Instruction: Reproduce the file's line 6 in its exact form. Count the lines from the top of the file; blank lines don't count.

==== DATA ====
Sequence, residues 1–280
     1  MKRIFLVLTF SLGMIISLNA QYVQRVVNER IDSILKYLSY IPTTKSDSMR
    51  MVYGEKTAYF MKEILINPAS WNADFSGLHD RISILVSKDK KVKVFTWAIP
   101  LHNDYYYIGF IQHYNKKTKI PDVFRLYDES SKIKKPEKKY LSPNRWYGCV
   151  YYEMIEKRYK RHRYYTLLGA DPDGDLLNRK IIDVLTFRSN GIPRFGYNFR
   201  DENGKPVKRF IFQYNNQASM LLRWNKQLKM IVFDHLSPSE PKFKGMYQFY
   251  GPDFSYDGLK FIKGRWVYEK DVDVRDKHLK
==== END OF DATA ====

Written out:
   201  DENGKPVKRF IFQYNNQASM LLRWNKQLKM IVFDHLSPSE PKFKGMYQFY